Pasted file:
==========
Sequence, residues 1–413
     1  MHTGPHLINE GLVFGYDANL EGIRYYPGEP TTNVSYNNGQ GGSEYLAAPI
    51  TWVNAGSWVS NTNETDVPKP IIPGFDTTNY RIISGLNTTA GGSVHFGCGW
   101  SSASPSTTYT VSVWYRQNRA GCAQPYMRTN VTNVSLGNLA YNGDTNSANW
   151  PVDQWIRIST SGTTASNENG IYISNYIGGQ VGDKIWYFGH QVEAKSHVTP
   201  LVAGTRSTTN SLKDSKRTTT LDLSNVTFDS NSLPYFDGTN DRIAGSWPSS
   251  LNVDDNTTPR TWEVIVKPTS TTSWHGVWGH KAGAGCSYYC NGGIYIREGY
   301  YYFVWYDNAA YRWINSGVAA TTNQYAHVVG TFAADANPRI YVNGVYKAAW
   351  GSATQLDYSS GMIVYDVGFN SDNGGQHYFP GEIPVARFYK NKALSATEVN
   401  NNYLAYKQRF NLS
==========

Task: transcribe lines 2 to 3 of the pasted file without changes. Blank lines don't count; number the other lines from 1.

     1  MHTGPHLINE GLVFGYDANL EGIRYYPGEP TTNVSYNNGQ GGSEYLAAPI
    51  TWVNAGSWVS NTNETDVPKP IIPGFDTTNY RIISGLNTTA GGSVHFGCGW